Executive summary

Kazakhstan finds itself at a crossroads. Recent market volatility has highlighted the risks of dependence on resources, and has put into relief a corresponding need for economic diversification. Various studies by the OECD and others have explored this issue from different perspectives. This review examines how Kazakhstan can respond to current challenges by strengthening its higher education system to ensure that it develops the skills, knowledge and potential for innovation that underlie economic and social well-being.

The OECD and the World Bank undertook a previous review of higher education in Kazakhstan in 2007. While progress clearly has been made since that time, much remains to be done in the areas of quality, access, internationalisation, research and innovation, funding and governance. Kazakhstan’s State Programme for Education Development in the Republic of Kazakhstan 2011-2020, which was recently updated for 2016-19, recognises many of these challenges and has set ambitious targets and goals.

Kazakhstan needs to place additional emphasis on high-quality, relevant “21st century” skills – not just technical skills and knowledge (however important these may be) but also transversal skills that include, for instance, literacy, problem solving, teamwork and adaptability. Such skills are critical for labour market success and for social well-being more generally. To this end, Kazakhstan needs to enhance the quality of higher education “inputs” (e.g. student and faculty preparation). In addition, “processes” used in higher education also require improvement: things like instructional methods, faculty development opportunities, work-integrated learning and university/employer linkages to help shape curriculum. Finally, the absence of good, reliable data on skills outputs and labour market outcomes remains a key challenge for Kazakhstan, as does a related over-reliance on the state grant system to steer student choices.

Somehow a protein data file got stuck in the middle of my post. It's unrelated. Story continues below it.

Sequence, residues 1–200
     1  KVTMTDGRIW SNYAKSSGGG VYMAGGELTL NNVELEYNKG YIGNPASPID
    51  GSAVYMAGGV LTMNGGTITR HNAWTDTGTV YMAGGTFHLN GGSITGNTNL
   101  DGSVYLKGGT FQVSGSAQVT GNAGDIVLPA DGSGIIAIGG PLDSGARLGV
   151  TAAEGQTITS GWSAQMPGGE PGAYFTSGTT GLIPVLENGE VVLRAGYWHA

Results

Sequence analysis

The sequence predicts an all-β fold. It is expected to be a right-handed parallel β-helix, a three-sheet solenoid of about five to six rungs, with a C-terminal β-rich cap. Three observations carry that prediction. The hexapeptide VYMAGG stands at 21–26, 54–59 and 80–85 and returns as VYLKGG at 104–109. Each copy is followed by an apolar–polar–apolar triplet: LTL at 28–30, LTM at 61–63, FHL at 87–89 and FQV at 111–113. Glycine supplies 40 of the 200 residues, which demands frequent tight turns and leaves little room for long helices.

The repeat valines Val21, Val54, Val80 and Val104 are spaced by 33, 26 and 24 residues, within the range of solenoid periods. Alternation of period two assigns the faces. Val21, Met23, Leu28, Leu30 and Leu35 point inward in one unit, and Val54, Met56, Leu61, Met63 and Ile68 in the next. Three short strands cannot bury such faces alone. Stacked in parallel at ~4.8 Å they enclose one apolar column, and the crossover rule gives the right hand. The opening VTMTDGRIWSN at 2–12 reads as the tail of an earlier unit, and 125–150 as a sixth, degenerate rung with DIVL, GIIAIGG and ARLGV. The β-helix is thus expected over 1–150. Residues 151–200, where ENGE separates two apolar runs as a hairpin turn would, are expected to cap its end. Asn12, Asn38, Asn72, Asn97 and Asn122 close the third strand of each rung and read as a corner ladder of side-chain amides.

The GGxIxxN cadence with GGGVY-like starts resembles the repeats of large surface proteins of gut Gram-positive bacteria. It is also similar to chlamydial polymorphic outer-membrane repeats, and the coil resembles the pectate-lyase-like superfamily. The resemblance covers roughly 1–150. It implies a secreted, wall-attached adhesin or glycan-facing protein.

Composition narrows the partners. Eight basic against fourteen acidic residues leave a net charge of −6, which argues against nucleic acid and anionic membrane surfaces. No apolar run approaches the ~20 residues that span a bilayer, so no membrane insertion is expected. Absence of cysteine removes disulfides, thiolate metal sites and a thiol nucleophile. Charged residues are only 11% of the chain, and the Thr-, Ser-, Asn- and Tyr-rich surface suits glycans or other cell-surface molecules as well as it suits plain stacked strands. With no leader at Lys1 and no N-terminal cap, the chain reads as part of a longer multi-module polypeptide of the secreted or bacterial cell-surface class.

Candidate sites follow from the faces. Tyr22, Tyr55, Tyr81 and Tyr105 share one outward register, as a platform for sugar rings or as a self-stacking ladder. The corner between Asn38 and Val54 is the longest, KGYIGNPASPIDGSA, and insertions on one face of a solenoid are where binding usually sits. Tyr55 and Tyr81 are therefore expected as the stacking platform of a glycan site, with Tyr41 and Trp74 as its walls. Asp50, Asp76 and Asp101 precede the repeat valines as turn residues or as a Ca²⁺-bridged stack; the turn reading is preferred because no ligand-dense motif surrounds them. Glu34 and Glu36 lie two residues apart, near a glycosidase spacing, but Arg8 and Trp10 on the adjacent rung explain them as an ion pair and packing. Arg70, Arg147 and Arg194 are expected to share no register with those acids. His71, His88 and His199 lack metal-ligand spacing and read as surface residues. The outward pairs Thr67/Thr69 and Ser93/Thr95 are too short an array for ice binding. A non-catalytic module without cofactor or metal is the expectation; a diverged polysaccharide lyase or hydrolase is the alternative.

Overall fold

Despite some positive measures, there is still comparatively little attention paid in Kazakhstan to equity of access to affordable higher education. The groups most affected in this respect include students from rural areas (despite a set-aside of study spaces), students with disabilities and students of lower socio-economic status (about whom Kazakhstan lacks good data). Significant reforms are needed in the system of state grants, which is skewed towards students who are typically already somewhat privileged. Moreover, Kazakhstan needs a viable student loans programme to help students who face affordability challenges. It is perhaps especially important, though, to improve the quality of primary and secondary education so that students are prepared for higher education; and to work to raise the educational aspirations of students who would otherwise not consider further studies. Finally, an expanded use of technology-enabled learning, and better linkages between vocational education and training, could also enhance access and tackle problems of inequity.